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[A tale from South Greenland.]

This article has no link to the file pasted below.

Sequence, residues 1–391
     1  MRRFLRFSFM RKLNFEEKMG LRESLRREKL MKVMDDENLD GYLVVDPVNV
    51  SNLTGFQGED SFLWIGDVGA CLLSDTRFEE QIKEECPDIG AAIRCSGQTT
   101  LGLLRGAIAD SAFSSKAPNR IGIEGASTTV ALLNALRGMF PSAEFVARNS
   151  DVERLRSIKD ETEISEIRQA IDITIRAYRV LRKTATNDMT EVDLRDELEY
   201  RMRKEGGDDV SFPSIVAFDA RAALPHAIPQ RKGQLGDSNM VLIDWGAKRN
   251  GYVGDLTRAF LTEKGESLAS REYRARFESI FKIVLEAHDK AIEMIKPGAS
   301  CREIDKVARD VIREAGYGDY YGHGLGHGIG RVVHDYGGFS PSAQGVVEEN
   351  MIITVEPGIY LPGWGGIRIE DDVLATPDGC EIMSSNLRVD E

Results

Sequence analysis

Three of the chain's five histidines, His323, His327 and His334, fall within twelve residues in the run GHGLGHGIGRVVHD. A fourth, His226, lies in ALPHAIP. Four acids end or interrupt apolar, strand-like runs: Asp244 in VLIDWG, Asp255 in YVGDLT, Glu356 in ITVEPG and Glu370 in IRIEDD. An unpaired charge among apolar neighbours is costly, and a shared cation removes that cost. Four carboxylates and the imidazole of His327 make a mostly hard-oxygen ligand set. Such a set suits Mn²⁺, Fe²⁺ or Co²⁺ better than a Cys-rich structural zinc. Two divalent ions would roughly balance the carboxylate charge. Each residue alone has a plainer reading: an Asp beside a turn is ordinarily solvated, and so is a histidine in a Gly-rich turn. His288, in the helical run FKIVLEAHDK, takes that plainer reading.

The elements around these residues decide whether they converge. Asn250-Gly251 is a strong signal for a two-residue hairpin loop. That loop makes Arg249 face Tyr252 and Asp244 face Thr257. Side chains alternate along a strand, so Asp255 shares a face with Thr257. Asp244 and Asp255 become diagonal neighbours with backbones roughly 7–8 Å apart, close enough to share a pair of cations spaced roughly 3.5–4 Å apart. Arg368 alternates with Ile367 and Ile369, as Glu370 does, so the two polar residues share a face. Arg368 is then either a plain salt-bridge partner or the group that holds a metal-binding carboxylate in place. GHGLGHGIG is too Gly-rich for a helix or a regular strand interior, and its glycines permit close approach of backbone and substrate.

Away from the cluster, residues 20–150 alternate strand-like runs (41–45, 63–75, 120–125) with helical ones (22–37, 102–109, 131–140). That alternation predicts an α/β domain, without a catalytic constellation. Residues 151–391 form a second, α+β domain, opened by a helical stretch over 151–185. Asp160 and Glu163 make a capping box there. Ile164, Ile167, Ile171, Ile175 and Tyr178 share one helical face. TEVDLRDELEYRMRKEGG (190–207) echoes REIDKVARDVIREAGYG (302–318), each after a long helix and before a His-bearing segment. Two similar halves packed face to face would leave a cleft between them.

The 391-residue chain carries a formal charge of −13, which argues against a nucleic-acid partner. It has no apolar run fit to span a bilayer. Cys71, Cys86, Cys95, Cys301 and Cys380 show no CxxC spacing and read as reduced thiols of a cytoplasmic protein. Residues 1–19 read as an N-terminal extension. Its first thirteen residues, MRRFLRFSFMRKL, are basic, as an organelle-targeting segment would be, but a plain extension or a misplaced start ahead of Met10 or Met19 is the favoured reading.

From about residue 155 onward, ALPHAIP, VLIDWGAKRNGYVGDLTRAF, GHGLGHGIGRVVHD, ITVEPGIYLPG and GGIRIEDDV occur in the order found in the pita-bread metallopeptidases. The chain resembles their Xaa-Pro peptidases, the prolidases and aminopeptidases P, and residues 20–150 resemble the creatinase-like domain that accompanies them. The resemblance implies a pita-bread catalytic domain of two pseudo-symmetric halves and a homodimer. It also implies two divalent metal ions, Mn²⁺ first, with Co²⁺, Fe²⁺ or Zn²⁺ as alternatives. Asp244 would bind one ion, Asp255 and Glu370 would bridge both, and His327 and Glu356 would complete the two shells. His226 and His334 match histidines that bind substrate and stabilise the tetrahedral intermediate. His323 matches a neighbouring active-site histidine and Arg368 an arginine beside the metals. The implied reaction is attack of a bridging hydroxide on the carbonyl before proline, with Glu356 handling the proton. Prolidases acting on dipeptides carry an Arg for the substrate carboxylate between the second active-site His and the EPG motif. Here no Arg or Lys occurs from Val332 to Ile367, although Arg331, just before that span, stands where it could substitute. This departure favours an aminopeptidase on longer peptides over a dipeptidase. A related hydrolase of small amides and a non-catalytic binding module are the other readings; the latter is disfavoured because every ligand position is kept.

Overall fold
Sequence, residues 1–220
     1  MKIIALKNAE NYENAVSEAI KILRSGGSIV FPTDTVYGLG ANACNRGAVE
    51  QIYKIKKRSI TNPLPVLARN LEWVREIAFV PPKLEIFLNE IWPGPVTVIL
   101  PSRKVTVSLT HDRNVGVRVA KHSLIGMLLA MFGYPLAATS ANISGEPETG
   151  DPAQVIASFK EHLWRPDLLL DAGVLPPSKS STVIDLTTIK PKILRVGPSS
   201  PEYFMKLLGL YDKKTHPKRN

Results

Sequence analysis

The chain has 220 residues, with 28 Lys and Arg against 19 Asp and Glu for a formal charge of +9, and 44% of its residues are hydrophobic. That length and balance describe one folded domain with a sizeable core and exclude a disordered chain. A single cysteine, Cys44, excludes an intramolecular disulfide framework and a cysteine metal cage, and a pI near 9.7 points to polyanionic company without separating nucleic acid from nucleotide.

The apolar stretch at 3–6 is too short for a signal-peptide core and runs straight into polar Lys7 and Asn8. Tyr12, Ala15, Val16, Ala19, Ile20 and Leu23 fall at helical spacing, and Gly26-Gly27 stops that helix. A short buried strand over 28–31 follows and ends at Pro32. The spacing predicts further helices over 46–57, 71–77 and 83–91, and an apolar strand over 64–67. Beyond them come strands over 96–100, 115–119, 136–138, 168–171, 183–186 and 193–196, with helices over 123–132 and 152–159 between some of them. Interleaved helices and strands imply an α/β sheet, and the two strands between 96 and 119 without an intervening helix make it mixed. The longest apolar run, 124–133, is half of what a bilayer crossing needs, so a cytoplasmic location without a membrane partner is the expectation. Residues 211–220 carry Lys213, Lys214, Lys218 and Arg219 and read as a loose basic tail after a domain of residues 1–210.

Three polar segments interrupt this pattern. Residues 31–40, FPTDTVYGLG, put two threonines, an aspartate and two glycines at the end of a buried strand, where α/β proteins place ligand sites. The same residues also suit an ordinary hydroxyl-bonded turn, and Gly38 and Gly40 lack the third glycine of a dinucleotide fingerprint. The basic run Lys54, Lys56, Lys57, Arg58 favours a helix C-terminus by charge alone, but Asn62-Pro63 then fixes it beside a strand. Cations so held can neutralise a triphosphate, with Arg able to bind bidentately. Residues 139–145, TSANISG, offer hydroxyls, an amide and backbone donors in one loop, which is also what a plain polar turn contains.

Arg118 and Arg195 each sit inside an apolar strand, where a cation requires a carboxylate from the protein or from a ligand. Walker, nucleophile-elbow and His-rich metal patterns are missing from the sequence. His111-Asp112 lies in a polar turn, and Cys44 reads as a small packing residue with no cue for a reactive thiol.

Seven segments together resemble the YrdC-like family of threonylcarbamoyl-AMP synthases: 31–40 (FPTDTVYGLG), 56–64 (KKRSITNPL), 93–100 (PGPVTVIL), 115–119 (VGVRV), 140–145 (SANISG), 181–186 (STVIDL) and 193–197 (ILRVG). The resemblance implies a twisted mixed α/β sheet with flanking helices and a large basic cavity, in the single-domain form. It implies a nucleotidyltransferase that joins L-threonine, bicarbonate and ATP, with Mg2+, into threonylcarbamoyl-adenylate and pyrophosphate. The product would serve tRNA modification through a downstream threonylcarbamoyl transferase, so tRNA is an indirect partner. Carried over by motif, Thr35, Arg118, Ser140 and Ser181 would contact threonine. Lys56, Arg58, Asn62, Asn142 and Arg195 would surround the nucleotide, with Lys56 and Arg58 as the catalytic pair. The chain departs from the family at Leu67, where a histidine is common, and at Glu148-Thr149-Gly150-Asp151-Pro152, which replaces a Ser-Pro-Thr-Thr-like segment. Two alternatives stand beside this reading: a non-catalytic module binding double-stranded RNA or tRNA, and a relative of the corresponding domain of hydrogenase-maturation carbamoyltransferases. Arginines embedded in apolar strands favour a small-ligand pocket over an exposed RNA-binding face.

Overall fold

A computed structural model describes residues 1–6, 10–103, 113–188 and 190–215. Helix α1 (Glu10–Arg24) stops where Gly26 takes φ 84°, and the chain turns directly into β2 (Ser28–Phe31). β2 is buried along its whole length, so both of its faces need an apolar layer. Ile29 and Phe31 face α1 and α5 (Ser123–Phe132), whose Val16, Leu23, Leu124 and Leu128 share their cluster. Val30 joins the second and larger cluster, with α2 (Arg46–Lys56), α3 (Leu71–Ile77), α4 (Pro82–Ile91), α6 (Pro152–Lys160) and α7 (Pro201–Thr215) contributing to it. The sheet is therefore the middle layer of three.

NAUJARSUAK and Kukajak were friends, and both skilled hunters. They lived apart; but being very fond of each other, they were often together. In spring, when the first seals had made their appearance, they used to bring full-loaded boats with dried meat to their storehouses. Once Kukajak happened to have put by a greater store than his friend, and this made Naujarsuak jealous. Kukajak used to go away deer-hunting in the spring, and did the same that summer; and on his way home in the autumn, he was as usual to p. 355 pass by his store-places on the coast, and take out some dried seal-meat for a welcome feast at home. He was longing greatly for some dried seal-flesh himself. But on arriving at his stores, he found that the foxes had been there beforehand, and had left nothing for him. On a close examination, he found out that some one had been making little holes in the stone coverings, just large enough for a fox to pass through. He got extremely vexed; and at home he learned that Naujarsuak had made the holes during his absence. At this intelligence he became still more angry; but nevertheless he could not help longing for his friend; and he started on a visit to him the day after. Naujarsuak, in his turn, was longing as much to see Kukajak; and as soon as the other had arrived, he hastened to draw his kayak on land, and take him to his house. During the meal, Kukajak carelessly observed, "I also had a small portion of dried meat put by, but the foxes have carried it all off, which has never happened to me before." Naujarsuak remarked, "Thou hast been wrong in coming so late to look after thy stores." At this speech Kukajak got inwardly enraged. Having passed the night beneath his friend's roof, he, as usual, invited him to accompany him home to have some dried reindeer-flesh. While they were thus talking, they saw from land some kayakers stopping outside, lying in wait for seals, when, all of a sudden, Kukajak came upon his friend from behind, and sent his harpoon right through him. The little son of Naujarsuak was standing on the beach, and saw his father being killed, while Kukajak called out, "I paid him back, because he spoiled my stores," and then turned his back upon them, and rowed home. The old father of Naujarsuak now took away the corpse of his son, and had it buried; and when the usual days of mourning had gone by, he accosted the little one thus—"Now thou hast seen thy father killed, it will not do for thee to grow up in idleness." He then resolved p. 356 to leave his place, where he was continually reminded of his lost son. They travelled on to Amerdlok (the present Holsteinsborg), where they established themselves for the winter. Here the boy grew up under the constant care and unceasing admonitions of his grandfather; and he was never seen to smile. While they were still at Amerdlok, he grew to manhood, assisted at the whale-fishing, and turned out an able and expert kayaker. Under these circumstances, the old man advised him to go southwards and revenge himself on Kukajak, if he were still alive; and during this last winter he carefully secured the whalebones whenever a whale was caught, knowing them to be a rare article, much in request in the south. When the first thaw set in, they started; and at every place they passed by, they inquired, "Have ye heard nothing of Kukajak?" but invariably the answer was, "No; we don't know him." Far away south, however, they met some people who told them—"Kukajak! ah, yes; he is all right! but getting rather old now, and has taken to frog-fish." At length they reached their former home, and settled there for good. All their relatives immediately came to see them after their long absence; and on leaving they presented them with some of the longest and best whalebones. They had many unexpected visitors, some of whom only came in the hope of getting their share of whalebones, which were well known to be desired for gifts. As time wore on, they had to change their tent for a winter hut; but as yet Naujarsuak's son had had no opportunity of avenging the murder of his father. He one day requested his grandfather to make him a very big harpoon, with a strong line to match. The grandfather got it ready for him the very next day; and, regarding it with great satisfaction, the son smiled, and thanked him, and concealed it carefully beneath the ledge. Some time after, Kukajak took a great fancy to go and ask the son of p. 357 his betrayed friend for a piece of whalebone for his fishing-line, but on further consideration gave up the idea, fearing that he might bring down vengeance upon himself if he carried it out. However, the people thereabout were always telling him of the gifts they had received, saying, "If thou goest, thou wilt be sure to get some too: it was only the other day the old man said that he longed much to see thee." On hearing this, he could resist no longer, and started the very next day. He got a friendly welcome, and was beginning to think "they had forgotten all about the murder." A plentiful repast was soon served up before him; and the talk went merrily round all the evening; but somehow, whenever there was a short silence, he always thought, "there, now, it all returns to them." At daybreak the following morning, when Naujarsuak's son went outside the house, the thought struck him it was just on such a day that his father was killed. The air was soft, and light clouds appeared and passed by overhead. At this his former wrath awoke with full force; but on entering the house, he looked quite guileless. At Kukajak's departure, he also was presented with whalebones. Still he apprehended some evil, and kept glancing back to be sure that he was not pursued; and thus he succeeded in getting a considerable way off. Now, however, was the time for Naujarsuak's son to make use of his new weapon. He took the bone-point which his grandfather had made, brought it down, and fixed it with a loud jerk. Kukajak heard the sound, and recognised the meaning (viz., charm) of it; and seeing his enemy in full pursuit, he hastened on as quickly as he could, but found his strength fast failing. Perceiving this, his enemy pursued him more slowly; and Kukajak began thinking that he might reach home unharmed. At that moment, however, his adversary again darted on, and, just outside his own house, took aim, and sent his lance with a great crash into Kukajak's body. The son of p. 358 Naujarsuak now turned to the bystanders, saying, "I saw him treat my father in the same way; and I have only paid him back; if ye care for his corpse, ye may take it." Having finished this speech, he left for home; and from that day his father was not always in his thought, though he never quite forgot him.